The best way to analyse who has supported reforms is to check the voting record over the last four years of eight faction leaders. Vox Ukraine compiles an updated index on support for reforms that states the following:

  1. Maksym Burbak, Popular Front (90 per cent backing for reform legislation)
  2. Artur Herasymiw, Petro Poroshenko Bloc (86 per cent)
  3. Oleh Lyashko, Radical Party (73 per cent)
  4. Oleh Berezyuk, Samopomych (72 per cent)
  5. Yaroslav Moskalenko, Volya Narodu (51 per cent)
  6. Yulia Tymoshenko, Batkvishchyna (34 per cent)
  7. Vitaliy Khomutynyuk (30 per cent) and Viktor Bondar (27 per cent), Vidrodzhennya
  8. Oleksandr Vilkul (14 per cent) and Yuriy Boyko (9 per cent), Opposition Bloc

Vox Ukraine’s ranking on reforms gives a number to each of Ukraine’s 423 deputies based on their overall record voting for reforms.

  1. Burbak, Popular Front, 21st (out of 423 deputies) 
  2. Herasymiw, Poroshenko Bloc, 58th place
  3. Lyashko, Radical Party, 161st place
  4. Berezyuk, Samopomych, 171st place
  5. Moskalenko, Volya Narodu, 284th place
  6. Tymoshenko, Batkivshchyna, 330th place
  7. Khomutynyuk (340th place) and Bondar (351st place), Vidrodzhennya
  8. Vilkul (394th place) and Boyko (400th place), Opposition Bloc

Batkivshchyna is a staunch critic of President Poroshenko. Nevertheless, the leaders of the Yatsenyuk and Poroshenko Bloc factions are ranked very highly for their commitment to reforms at 21st and 58th respectively compared to far lower down Tymoshenko in 330rd place. Tymoshenko’s criticism against the reforms supported by the Popular Front and Poroshenko Bloc is a way of seeking power through shrill populist rhetoric.

War on corruption

Opinion polls show that the fight against corruption is one of the top issues for voters in next year’s elections. The voting record of faction leaders on corruption legislation shows them to be consistent with their overall voting records on reforms with one exception, Tymoshenko is in fifth (rather than sixth) place. Nevertheless, this still shows Tymoshenko has the poorest record voting on corruption at the bottom of five “pro-Western” factions. Vlasenko and Hryhoriy Nemirya, key allies of Tymoshenko, did not vote for the Anti-Corruption Court.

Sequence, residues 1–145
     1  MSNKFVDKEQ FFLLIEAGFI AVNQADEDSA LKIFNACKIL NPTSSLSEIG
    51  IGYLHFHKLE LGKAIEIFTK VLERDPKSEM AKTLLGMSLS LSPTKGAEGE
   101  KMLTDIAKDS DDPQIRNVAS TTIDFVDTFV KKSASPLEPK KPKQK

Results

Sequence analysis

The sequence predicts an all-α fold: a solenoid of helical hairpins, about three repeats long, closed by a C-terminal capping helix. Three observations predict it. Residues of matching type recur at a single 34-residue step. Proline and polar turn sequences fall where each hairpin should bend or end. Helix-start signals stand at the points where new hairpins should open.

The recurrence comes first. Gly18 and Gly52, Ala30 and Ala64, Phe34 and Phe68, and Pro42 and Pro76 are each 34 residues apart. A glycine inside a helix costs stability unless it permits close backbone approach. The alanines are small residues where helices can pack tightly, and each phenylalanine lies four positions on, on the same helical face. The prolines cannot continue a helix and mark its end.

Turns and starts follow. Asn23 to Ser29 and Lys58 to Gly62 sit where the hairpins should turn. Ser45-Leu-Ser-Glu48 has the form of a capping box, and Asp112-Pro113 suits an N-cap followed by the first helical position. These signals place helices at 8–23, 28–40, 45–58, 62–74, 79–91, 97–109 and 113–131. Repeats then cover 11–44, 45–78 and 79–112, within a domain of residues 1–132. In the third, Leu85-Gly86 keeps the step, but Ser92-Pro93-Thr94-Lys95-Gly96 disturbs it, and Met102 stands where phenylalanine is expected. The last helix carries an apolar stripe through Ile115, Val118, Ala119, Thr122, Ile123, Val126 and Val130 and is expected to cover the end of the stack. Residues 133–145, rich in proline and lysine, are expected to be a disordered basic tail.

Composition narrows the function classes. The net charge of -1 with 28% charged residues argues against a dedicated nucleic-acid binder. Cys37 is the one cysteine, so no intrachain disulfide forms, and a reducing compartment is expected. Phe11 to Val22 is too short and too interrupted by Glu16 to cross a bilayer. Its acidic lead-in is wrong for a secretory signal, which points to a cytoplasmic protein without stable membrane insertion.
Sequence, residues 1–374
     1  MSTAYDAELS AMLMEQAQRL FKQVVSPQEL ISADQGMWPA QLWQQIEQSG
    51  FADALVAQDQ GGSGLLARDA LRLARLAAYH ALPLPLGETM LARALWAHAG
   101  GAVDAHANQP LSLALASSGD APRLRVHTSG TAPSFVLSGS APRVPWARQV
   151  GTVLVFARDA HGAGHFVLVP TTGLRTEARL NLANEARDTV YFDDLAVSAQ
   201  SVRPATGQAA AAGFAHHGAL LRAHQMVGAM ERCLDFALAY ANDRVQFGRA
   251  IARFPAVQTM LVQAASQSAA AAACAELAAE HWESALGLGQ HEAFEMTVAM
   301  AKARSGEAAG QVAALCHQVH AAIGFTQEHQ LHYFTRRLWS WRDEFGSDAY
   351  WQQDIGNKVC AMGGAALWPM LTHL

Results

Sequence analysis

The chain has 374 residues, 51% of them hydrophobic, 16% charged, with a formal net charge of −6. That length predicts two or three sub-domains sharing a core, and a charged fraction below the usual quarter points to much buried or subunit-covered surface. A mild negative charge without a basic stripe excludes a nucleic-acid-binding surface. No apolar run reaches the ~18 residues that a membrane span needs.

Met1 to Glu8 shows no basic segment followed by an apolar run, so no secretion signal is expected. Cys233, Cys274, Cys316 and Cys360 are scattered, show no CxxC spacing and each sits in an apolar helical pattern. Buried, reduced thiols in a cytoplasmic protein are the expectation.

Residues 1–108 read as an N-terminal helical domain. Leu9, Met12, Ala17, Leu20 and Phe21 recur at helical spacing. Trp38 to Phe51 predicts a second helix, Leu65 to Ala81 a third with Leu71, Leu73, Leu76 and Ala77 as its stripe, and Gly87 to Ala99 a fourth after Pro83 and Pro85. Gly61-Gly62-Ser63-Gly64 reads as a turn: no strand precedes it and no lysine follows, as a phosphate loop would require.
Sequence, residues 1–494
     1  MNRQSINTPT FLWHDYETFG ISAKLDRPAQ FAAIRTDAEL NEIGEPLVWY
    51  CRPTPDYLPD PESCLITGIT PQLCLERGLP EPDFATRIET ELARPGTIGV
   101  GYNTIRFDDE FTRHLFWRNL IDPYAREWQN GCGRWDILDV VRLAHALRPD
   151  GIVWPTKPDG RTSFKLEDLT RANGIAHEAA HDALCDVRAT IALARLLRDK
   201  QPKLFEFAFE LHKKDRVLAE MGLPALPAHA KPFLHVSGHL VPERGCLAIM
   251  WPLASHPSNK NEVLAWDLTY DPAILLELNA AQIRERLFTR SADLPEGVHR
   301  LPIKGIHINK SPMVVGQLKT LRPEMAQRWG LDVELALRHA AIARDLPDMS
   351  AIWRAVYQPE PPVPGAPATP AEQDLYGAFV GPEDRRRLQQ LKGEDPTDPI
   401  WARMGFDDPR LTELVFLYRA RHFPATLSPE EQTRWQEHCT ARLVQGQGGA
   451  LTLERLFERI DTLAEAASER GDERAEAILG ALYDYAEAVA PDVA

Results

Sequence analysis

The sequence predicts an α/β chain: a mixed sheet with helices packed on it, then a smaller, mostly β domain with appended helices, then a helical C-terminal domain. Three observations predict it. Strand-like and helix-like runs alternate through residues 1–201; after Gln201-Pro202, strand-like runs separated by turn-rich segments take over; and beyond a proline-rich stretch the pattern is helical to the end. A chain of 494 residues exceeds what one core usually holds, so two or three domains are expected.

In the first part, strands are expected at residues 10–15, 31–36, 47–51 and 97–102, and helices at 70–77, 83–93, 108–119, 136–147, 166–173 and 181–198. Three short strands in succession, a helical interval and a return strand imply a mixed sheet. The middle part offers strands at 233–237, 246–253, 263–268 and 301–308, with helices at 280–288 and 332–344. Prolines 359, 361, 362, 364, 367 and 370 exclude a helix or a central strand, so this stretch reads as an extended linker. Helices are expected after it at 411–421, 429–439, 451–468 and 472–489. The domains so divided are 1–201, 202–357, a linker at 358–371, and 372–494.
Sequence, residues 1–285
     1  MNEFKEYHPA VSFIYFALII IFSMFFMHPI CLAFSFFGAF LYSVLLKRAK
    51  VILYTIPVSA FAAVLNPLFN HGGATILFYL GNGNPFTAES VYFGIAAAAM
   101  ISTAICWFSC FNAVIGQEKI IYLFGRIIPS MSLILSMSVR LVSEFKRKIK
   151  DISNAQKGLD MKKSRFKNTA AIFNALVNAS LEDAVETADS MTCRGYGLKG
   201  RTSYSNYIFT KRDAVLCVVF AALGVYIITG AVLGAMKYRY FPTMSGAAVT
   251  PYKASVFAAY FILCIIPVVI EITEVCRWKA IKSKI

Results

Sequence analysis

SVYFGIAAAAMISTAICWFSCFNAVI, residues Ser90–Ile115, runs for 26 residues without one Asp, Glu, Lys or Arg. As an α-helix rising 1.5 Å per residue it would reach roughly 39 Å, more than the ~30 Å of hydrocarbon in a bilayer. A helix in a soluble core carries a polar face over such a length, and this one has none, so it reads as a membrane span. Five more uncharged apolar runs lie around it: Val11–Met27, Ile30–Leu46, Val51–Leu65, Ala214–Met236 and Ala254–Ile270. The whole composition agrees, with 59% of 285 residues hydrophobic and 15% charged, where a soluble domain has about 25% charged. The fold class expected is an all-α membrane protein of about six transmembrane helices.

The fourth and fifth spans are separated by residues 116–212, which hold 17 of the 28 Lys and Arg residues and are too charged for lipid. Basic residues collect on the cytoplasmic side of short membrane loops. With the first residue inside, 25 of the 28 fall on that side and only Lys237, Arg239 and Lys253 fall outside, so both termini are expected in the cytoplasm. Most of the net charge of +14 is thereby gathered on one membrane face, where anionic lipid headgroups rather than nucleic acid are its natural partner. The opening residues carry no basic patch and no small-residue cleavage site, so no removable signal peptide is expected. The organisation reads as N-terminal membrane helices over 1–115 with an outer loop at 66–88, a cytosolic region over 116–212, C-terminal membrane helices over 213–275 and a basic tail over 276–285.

1. Burbak, Popular Front (voted on 92 per cent of occasions for reform legislation)
  2. Herasymiw, Poroshenko Bloc (79 per cent)
  3. Berezyuk, Samopomych (77 per cent)
  4. Lyashko, Radical Party (63 per cent)
  5. Tymoshenko, Batkvishchyna (55 per cent)
  6. Moskalenko, Volya Narodu (45 per cent)
  7. Khomutynyuk (35 per cent) and Viktor Bondar (33 per cent), Vidrodzhennya
  8. Vilkul (5 per cent) and Boyko (3 per cent), Opposition Bloc

Tymoshenko’s poor record of voting for key reforms is also seen in energy (13 per cent), decentralisation (20 per cent), deregulation (31 per cent), and banking (34 per cent). Of these, corruption features prominently in at least energy and banking.

We can thank Vox Ukraine for providing researchers and journalists with the data to see through the fog of lies surrounding the parliamentary record of factions in the last four years. It is clear from this that only three factions (Popular Front, Poroshenko Bloc, Samopomych) can claim to be reformist and therefore supporters of European integration. Claims by other political forces to support European integration while not supporting reforms is a throwback to Kuchma’s “multi-vectorsm.”

Taras Kuzio in a professor in the Department of Political Science National University “Kyiv Mohyla Academy” and Non-Resident Fellow, Center for Transatlantic Relations, Johns Hopkins University – SAIS. Joint author of The Sources of Russia’s Great Power Politics: Ukraine and the Challenge to the European Order.